History, Evolution, and The Darwin Debate

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Griffiths on quantum mechanics, krugman/wells on economics

March 12th, 2018 · No Comments

No we are not indulging in anti-science. We merely look at the ways science succeeds and the veneer of science in the social sciences, etc…
One might compare two subjects, with a book each:

David Griffiths, Introduction to Quantum Mechanics
Wells & Krugman, Macroeconomics….(if you can get a cheap second hand copy at amazon for a few bucks)

The first points to a real science, the second (not a bad textbook, in fact) to something far less.

I am not strong in QM but I realized recently I had studied all the core math disciplines for the subject, and suddenly the Griffiths book made sense at its starting point. The key elements that can be studied piecemeal are calculus/advanced calculus, partial differential equations with fourier series/fourier analysis, vector analysis (an maybe elementary tensors) and its use in electromagnetics, a spin through lagrangians/hamiltonians, linear algebra, …i can’t do the exercises in this book but a bird’s eye view is possible in the first chapters with the math fragments above, most of the material can be got in quickie summer school courses in many universes and/or via self-tutoring. Instead of books on pop quantum mechanics which never make sense, a quick tour of the math might help people who spend decades trying to figure out schrodinger’s cat, etc…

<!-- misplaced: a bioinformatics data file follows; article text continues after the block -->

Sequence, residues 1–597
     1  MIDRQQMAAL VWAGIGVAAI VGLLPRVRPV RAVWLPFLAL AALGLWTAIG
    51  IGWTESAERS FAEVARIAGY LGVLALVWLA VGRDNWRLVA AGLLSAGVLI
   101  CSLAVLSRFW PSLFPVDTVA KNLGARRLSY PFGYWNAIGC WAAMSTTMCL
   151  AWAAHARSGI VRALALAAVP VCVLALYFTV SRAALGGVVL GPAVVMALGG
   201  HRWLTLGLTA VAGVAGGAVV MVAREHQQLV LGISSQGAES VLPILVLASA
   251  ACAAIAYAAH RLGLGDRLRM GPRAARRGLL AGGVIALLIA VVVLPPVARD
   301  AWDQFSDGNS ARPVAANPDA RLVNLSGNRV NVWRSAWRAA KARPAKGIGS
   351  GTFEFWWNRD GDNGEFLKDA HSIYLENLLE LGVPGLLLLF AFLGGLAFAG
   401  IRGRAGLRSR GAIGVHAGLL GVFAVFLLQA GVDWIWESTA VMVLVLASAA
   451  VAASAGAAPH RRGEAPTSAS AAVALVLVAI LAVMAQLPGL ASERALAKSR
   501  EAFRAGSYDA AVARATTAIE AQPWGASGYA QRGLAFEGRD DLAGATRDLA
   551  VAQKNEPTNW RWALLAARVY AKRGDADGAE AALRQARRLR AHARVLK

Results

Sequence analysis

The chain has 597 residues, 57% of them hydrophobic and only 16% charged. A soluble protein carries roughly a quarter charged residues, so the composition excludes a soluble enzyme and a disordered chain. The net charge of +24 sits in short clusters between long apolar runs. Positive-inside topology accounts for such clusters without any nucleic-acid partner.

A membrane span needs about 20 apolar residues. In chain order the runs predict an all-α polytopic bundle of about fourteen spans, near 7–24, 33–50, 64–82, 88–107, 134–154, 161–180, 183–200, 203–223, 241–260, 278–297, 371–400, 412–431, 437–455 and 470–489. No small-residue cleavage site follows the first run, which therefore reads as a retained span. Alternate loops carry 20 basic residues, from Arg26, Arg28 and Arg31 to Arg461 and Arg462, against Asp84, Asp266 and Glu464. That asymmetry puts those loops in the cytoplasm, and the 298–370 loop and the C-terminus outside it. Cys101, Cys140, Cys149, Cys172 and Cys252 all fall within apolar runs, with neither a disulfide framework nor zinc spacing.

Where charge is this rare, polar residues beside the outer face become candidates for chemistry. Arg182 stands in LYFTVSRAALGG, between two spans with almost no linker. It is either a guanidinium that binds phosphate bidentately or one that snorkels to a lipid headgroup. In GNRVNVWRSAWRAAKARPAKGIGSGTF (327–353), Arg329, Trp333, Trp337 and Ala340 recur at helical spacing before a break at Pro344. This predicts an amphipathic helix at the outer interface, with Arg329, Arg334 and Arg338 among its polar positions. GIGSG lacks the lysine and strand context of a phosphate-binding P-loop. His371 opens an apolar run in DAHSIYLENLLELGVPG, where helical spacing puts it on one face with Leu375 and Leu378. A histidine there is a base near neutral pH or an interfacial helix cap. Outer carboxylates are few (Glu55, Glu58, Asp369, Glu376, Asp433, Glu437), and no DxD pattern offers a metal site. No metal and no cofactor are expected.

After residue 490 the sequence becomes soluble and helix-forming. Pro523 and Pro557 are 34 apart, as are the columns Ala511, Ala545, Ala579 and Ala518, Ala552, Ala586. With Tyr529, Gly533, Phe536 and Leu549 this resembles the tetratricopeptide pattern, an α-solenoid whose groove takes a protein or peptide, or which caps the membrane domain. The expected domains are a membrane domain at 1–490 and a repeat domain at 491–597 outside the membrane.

In any case, the point here is that for sheer elegance quantum mechanics is almost unmatched and shows how real science works with the close fit of the math to the phenomena…notwithstanding the puzzlement that haunts the whole subject…
Now switch to economics…the fit of the math to the subject is almost phony…
To be fair, there is very little discussion of science in economics textbooks as they proceed with ad hoc constructs. We have noted the need to be wary of theories and to proceed with empirical histories. Actually that’s what economists tend to do in these textbooks, at least. But an immense pretense of science lurks in the background in the field of mathematical economics and the attempts at general equilibrium theory and marginal analysis. As far as i can determine this whole field fails to reach the level of science.

Quantum mechanics is not of course the last word: the field proceeds to quantum electrodynamics and then to string theory: our list of topics to study expands twice to the point of making our quick tour as with qm almost impossible…We must finally confront the doubters who challenge string theory, but that is another story…

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